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Michael McCabe Jr.

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'16 International Politics (National Security) | Legislative Director, U.S. House of Representatives | Washington, D.C.
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Michael McCabe Jr.

Liberal Arts Major: International Politics (National Security)

Liberal Arts Minors: Middle East Studies and Global Security

Hometown: West Chester, PA

Current Location: Washington, DC

What enrichment activities did you participate in as a student?

I completed two internships—one for Congressman Patrick Meehan in the U.S. House of Representatives and the other with the U.S. Department of State at the U.S. Embassy in Doha, Qatar.

What was your first job after graduating from Penn State?

After graduation, I landed a position as a field director for a U.S. congressional campaign in Bucks County, Pennsylvania.

What was your favorite class and/or who was your favorite faculty member?

My favorite class was PLSC 442 American Foreign Policy, because it took the political theories that we had discussed in other classes and used them as lenses to look at real world events in foreign policy. This approach made it much easier for me to understand what I was learning in those classes, while keeping me engaged because of my love of foreign policy. I specifically remember that the class focused on the Vietnam War for a while, which has been an interest of mine since I was young. Professor Palmer was tough, but he treated his students like adults. Every aspect of the class was eye-opening.

How did your liberal arts education and skills prepare you for your life after graduation?

Penn State College of the Liberal Arts has such a wide range of major, minor, and class options. I was able to find a major and two minors that really interested me. I was then able to tailor those with even more specific classes. When I would sit down for an interview for an internship or a job, I could talk about how each of my classes related to my interest areas and specifically, what I wanted to do with foreign policy. My internship on Capitol Hill happened because a Penn State alumni introduced me to the Congressman who encouraged me to apply. My internship on Capitol Hill gave me the professional experience necessary to get my internship with the Department of State at the U.S. Embassy in Doha, Qatar, and my internship with the Department of State and time in the Middle East was the thing every interviewer wanted to talk about during my post-graduation job interviews. More importantly, my classes helped me mature into someone who liked to learn and liked the challenge of digging into a problem to find the answer. Now, I do that every single day.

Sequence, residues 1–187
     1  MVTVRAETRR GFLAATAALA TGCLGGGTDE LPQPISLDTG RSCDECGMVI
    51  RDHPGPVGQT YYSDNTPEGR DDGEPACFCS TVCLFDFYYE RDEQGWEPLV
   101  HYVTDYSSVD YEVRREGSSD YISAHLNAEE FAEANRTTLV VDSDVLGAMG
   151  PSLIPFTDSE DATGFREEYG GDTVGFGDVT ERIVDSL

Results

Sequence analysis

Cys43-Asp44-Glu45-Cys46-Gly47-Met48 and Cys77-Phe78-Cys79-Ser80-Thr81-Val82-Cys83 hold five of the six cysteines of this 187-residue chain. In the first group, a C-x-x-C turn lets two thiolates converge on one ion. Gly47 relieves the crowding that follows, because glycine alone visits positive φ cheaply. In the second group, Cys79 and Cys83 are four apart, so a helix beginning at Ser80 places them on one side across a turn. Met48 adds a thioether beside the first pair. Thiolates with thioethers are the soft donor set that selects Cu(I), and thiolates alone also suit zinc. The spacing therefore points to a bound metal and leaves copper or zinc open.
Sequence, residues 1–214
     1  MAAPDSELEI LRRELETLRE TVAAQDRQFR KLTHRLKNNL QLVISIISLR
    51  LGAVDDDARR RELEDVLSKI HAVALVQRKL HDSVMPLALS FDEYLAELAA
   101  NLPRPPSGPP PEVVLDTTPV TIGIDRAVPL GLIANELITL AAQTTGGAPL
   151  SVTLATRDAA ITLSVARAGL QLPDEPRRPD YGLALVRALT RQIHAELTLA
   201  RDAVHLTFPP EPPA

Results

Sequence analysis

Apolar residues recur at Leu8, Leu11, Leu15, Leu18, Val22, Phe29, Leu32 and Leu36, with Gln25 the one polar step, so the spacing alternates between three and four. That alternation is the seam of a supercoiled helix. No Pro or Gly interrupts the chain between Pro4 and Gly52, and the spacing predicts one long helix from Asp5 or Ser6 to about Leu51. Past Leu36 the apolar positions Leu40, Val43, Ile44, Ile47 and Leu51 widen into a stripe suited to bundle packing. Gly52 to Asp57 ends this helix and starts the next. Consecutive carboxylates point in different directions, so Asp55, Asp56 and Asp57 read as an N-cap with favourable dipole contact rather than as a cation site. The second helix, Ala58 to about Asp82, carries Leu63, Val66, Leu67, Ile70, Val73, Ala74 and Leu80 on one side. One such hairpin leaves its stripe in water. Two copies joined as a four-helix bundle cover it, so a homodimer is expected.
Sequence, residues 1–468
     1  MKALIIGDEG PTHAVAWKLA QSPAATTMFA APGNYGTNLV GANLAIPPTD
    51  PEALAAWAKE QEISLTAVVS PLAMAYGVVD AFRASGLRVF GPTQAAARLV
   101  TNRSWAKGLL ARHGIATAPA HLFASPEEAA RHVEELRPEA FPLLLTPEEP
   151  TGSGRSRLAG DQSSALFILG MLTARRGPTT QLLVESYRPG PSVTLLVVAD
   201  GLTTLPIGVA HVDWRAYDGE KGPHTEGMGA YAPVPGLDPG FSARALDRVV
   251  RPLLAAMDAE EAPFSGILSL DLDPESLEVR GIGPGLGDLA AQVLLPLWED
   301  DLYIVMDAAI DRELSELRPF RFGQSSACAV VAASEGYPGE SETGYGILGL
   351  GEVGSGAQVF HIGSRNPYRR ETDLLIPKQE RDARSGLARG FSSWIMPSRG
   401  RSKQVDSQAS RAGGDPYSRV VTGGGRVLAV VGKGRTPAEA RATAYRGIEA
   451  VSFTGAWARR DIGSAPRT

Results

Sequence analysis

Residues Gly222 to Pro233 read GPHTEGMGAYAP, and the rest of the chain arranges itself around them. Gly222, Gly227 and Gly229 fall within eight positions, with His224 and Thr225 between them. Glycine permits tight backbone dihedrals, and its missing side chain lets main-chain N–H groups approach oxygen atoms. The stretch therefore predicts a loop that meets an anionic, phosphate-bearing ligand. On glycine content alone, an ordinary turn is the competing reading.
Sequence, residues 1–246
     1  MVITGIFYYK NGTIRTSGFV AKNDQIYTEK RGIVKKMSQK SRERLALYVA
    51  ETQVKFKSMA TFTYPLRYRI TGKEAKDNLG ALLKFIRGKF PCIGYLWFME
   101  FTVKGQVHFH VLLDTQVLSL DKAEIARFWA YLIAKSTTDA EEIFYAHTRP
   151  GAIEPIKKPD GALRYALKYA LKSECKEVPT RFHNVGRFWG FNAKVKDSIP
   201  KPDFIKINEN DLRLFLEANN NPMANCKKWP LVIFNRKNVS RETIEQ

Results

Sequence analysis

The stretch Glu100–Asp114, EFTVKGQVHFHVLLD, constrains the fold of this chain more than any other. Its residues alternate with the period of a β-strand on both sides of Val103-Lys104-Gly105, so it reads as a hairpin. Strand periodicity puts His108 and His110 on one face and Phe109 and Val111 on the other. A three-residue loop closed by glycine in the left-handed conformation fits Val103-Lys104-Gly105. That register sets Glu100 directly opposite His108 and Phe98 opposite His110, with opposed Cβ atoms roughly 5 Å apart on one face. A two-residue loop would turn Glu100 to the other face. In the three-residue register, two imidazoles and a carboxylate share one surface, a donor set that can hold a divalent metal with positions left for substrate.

What networking advice would you share with current students?

Everyone networks on Capitol Hill. For me, networking has allowed me to hear of new and exciting career opportunities and has helped me to place friends and interns into entry-level positions in other offices. Having a network makes it easier to solve problems and find answers without having to recreate the wheel. Most of the time, someone has already faced the same problem you are looking at and will have the answer. Most importantly, building a network has gained me some lifelong friends and mentors. My best advice to students: Always write a handwritten thank you card. Take part in the Liberal Arts Alumni Mentor Program, because I wish I had done it as a student to meet more mentors with experience on Capitol Hill. That is why I make sure to volunteer now as a mentor for the program.

What role have mentors played in your career progression?

When I graduated from Penn State, I was still looking for a job. One of my mentors asked me if I would be interested in working on a U.S. Congressional campaign for a candidate who had a national security background. My mentor had worked with another member of the campaign staff and was able to introduce me. The introduction led to a job interview, and then a job. I would not be in the role I am today without the help of my mentor. When I got to Capitol Hill, my first supervisor sat down with me every few months to make sure I was growing in my role and ready to move into a bigger role when the time came. Great mentors have been a huge part of my career success so far.

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